So what’s typical for a top 50 website (non-optimized for any platform) can be looked at with a freeway metaphor. On the iPad, the freeway is sparsely popuplated with motorcyles and small cars. The traffic doesn’t saturate the freeway and everything moves fast. On the netbook loading the Flash stuff, add in several large trucks who don’t all know about the right lane. Everybody gets slowed down. Whether faster actually works well for the conversation between end-user and website depends on what’s in those trucks. One obvious example of a top 50 site is Farmville.com or the Farmville app page on Facebook. I’m sure it loads damn quick on iPad. It’s missing, like, the whole point of the page though.

John Martellaro

It’ll be interesting to see how Gomez responds.

Jamie

It would be interesting to see those results for more reason than one - an equalized test would ironically be another black mark against Flash if it stepped up the netbook performance, don’t you think? I think it would be cool if instead of crying a river, Adobe stepped up and created a really amazing tool for HTML 5 based content. Heck, they could use different protocols and still call it Flash if they want.

Bosco (Brad Hutchings)

@Jamie, Adobe isn’t crying any river. They’re taking Flash 10.1 beta on mobile platforms soon. They’ve partnered with NVIDIA to get hardware acceleration.

And look, I know it’s probably beyond your comprehension, but whether the dynamic content is in HTML5 or Flash, the size is going to be roughly the same and the explanation I posted above will apply. But hey, when you just buy into a Steve Jobs lie, you don’t have to think before hating on things grin.

Jamie

Nah, it isn’t beyond my comprehension. I’ve worked with the web and with Adobe’s tools for 15 years, and a lot of that work has been cross-platform (it could be said that that’s nature of web work in general, and to their credit, with the recent exception of Flash-based content, Adobe has for a long time been generally very good at cross-platform solutions, in spite of their bloat). We’re all used to standards changing by now.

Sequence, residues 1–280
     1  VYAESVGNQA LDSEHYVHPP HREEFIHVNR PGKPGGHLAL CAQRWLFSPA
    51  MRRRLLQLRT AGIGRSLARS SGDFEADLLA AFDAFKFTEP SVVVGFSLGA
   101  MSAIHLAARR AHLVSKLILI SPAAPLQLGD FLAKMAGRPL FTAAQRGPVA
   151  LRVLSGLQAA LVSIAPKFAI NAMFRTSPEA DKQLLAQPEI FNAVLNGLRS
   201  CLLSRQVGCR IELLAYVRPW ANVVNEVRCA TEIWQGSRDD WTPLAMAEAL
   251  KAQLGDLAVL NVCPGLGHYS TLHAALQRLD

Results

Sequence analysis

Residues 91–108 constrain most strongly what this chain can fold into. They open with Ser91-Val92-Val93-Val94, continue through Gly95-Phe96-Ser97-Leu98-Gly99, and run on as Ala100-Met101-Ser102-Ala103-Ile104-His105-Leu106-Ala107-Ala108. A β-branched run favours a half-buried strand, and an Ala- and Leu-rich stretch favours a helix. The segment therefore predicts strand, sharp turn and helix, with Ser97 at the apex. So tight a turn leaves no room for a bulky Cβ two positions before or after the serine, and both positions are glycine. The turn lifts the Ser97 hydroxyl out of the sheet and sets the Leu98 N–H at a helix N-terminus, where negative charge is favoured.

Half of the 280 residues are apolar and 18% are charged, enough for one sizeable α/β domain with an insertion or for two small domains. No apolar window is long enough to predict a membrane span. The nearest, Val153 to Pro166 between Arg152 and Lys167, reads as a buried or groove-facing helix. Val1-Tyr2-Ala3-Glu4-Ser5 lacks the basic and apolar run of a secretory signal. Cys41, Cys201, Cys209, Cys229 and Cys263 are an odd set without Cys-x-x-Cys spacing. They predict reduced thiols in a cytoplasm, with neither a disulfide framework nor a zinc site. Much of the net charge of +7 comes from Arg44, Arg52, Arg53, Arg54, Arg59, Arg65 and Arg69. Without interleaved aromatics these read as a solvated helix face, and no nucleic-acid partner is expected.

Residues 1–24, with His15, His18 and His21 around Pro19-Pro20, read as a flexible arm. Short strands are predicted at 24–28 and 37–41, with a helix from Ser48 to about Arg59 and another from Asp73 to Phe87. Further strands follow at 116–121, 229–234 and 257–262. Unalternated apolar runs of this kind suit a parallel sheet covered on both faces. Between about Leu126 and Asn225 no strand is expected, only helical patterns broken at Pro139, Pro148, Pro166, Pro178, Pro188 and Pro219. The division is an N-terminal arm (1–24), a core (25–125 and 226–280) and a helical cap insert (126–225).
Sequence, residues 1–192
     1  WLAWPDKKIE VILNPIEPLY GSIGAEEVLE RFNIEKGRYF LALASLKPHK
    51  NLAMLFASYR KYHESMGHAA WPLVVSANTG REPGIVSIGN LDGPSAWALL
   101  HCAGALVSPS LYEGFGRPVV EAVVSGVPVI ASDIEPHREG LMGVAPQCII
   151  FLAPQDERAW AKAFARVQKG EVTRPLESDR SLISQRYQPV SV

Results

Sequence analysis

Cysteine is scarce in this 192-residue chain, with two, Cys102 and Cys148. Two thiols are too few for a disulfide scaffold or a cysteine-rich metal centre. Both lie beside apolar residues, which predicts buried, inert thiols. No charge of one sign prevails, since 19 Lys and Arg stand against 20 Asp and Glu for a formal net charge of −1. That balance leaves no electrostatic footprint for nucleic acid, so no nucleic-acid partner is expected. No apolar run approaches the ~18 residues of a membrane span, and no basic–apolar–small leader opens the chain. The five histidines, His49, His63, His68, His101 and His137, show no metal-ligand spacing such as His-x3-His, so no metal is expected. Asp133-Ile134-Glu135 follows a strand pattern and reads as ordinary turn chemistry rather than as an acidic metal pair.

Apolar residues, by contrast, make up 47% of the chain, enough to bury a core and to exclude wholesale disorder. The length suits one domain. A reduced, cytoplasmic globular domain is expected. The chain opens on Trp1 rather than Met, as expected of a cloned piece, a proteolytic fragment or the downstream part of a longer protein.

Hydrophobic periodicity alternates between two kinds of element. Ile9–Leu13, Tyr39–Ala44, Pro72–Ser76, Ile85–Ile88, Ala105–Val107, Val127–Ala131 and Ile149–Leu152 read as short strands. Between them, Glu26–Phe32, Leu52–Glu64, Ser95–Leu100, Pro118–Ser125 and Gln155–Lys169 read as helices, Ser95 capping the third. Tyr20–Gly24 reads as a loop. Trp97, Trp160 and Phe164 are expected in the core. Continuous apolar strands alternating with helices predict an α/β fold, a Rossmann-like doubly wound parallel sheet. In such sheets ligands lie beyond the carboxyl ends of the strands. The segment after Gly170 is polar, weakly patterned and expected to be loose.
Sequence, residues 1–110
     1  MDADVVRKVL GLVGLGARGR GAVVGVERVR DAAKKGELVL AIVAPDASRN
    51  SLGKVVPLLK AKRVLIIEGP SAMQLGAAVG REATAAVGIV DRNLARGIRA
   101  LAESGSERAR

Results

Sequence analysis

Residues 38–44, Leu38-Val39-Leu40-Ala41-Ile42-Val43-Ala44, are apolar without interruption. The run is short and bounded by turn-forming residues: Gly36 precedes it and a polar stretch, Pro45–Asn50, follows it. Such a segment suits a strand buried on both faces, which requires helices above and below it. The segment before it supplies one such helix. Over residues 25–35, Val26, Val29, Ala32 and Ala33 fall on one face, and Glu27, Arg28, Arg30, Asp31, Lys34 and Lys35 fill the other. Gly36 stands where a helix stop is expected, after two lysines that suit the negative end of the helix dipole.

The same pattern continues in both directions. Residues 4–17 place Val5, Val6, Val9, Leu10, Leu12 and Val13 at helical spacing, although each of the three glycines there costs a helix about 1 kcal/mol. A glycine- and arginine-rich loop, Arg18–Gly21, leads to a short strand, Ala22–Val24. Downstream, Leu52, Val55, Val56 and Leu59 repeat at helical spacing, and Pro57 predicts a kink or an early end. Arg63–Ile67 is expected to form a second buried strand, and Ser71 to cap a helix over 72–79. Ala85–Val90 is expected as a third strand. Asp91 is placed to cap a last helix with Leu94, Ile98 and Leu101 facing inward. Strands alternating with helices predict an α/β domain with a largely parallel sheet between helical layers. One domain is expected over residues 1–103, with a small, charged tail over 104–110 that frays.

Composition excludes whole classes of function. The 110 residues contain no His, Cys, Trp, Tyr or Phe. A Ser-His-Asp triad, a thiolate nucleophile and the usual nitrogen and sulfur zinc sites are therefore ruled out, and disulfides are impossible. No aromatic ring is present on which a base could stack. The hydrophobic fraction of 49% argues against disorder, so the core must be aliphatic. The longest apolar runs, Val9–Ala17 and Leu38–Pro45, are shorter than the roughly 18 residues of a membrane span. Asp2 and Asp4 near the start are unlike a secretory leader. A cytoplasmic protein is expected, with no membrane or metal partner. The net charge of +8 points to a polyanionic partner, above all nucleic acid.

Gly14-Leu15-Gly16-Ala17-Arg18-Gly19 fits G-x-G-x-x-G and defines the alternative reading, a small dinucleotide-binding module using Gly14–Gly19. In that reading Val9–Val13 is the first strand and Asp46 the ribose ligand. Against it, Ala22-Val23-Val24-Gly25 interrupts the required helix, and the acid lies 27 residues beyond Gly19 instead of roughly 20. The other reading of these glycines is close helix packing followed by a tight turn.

So far as video goes, and it’s the easiest in my opinion due to the fact that it’s already so versatile, I’d say even at this point it’s an even split with things like mpeg4, and that’s nothing new. But I think there are many factors to consider, not the least of which are the aforementioned advertising delivery and the fact that mobile consists of battery operated devices requiring protocols that will make use of resources efficiently. Additionally, new media becomes ever more interactive and less static (these are things we used to dream about with the then nascent potential of the multimedia possibilities in things like PDF back in the day); the oomph necessitated by modern apps and content makes for nit-picking on some level.